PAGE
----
Recently I read several articles about an online battle with the diaper brand Huggies and Dads. Yes, I said Dads. Not Moms. Huggies had launched an TV ad campaign called the “Dad test” where five Moms left their babies – and everything that comes with taking care of a baby – with their husbands for five days. Huggies called this ‘the ultimate test’ and they showed these Dads in various states of confusion while their wives were out having some well-needed girl time.
The poop hit the fan (yep, pun intended) and several stay-at-home Dads hit the social media world with their complaints. Several online petitions and thousand of Facebook comments and tweets later, Huggies pulled the ads and apologized for the way they misrepresented Dads in their marketing campaign. While this had signs of the 2008 Motrin Moms debacle, I couldn’t help but take a step back and ask, “When did Dads become a target audience for diapers?”
Maybe the bigger question is “Are Dads the hot new target market for brands?” With my research hat on, I went in search of some answers. And what I quickly learned was, today’s Dads aren’t the same ‘breadwinner-doing-yardwork-sports-tv-watching’ men who we were raised with. Census figures show that Dads are spending more time at home with the kids and in 1/3 of US homes, Dads are the primary caregiver. Whether this has been a result of job loss from the economy or the sociological shifts which are occurring, it’s pretty clear that Dads are indeed a new target audience for childcare products.
It appears that Dads are more involved with their families and taking on more of what was considered ‘the female role’ in the house. With these changes in Dad behaviors, most marketers don’t seem to ‘get it.’ They’re continuing to follow along the lines of these marketing myths and need to reinvent their message if they want to reach Dads.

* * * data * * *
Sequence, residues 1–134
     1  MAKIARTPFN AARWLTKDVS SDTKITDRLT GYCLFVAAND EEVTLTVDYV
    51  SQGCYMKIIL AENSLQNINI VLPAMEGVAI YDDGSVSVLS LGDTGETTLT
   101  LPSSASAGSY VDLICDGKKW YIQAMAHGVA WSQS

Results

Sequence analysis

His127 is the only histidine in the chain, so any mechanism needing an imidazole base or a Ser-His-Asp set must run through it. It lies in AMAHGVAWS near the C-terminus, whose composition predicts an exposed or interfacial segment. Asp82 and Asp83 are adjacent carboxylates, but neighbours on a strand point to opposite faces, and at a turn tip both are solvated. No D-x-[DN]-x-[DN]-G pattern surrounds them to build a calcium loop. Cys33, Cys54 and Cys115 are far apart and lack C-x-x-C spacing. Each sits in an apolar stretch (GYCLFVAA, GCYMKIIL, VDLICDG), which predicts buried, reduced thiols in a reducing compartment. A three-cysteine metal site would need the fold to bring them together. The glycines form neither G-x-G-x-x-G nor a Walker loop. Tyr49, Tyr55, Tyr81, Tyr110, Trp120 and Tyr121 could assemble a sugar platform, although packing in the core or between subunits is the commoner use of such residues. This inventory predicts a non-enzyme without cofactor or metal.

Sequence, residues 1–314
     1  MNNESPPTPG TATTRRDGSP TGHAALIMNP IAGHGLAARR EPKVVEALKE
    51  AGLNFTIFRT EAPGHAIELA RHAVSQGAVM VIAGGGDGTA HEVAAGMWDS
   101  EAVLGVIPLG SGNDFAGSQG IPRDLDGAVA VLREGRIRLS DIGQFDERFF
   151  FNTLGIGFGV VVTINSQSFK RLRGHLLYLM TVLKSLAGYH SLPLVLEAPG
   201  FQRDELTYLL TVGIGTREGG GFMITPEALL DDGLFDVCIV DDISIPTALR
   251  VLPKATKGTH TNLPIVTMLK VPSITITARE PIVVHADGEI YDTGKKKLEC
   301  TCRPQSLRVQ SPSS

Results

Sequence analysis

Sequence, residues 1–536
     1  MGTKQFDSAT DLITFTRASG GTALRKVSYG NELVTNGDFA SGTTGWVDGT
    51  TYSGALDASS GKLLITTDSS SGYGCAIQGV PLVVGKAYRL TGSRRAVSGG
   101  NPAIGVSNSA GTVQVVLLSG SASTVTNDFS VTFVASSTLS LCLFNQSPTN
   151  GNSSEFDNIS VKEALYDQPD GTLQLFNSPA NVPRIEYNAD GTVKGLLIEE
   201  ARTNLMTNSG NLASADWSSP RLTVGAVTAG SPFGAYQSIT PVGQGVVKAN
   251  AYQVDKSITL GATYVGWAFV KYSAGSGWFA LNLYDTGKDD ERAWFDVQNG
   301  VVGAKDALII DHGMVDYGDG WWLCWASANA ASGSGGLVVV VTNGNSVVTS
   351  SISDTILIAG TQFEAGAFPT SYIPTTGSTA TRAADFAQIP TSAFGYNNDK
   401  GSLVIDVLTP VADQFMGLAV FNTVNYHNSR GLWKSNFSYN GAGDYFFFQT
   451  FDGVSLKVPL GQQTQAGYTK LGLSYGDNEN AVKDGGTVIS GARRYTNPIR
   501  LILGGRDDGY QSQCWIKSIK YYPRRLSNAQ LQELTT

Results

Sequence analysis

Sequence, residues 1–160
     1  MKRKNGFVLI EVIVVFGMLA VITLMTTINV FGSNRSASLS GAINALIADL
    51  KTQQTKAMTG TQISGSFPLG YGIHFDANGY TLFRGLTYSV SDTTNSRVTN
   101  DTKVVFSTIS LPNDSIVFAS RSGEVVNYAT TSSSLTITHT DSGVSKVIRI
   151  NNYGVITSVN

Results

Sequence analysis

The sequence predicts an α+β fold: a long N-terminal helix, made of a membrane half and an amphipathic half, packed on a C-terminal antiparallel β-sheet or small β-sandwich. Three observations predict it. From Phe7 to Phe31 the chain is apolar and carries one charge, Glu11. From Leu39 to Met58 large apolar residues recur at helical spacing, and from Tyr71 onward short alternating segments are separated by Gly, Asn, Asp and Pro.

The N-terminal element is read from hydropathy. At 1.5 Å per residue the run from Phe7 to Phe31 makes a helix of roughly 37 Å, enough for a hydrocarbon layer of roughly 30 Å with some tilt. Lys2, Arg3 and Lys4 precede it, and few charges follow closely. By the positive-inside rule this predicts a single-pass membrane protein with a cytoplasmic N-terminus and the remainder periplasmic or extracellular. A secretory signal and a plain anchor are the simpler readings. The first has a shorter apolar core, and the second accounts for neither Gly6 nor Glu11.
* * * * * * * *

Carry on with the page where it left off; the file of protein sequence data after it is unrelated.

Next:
1. Dads don’t shop: These census figures show that men are not only taking care of the kids but doing other ‘housewife duties’ including the weekly shopping, managing the budget and taking care of the house. The Huggies incident proves that men do have an equal voice in their house and they’re not afraid to use it.
2. Dads don’t do brand research: The old line goes, ‘if its not about cars, sports or games, men don’t really care.’ Today’s fathers use of online research for household and childcare related products are higher than men in a previous generation. The research suggests that having kids affects how both parents make purchases, not just Moms.
3. Dads are just the babysitter for the day: Most consumer brands continue to target Moms and show Dads as a bumbling follower in the house. My research found this be quite the opposite. Dads are more then just a confused fool trying to figure out how to work the microwave. New studies show Dads know more about childcare then their fathers. Many of the men felt the marketing ads weren’t speaking to them as an important target audience, despite being the fact some are the primary or shared decision-maker for childcare purchases.
Of course, this data is still pretty fresh and not everyone can agree upon the extent of Dad’s buying power. Women who work full-time were surveyed about who runs their households and a majority claimed they were still primarily responsible for household buying decisions. I’m sure the truth of this matter probably lies somewhere in between.
It’s certainly something to watch as time goes by just how much influence Dad’s have in the household decision making. But as the old saying goes, “the proof is in the pudding” or maybe in this case, we should say, “the proof is in the diaper.”
Photo credit: Father and son surf lesson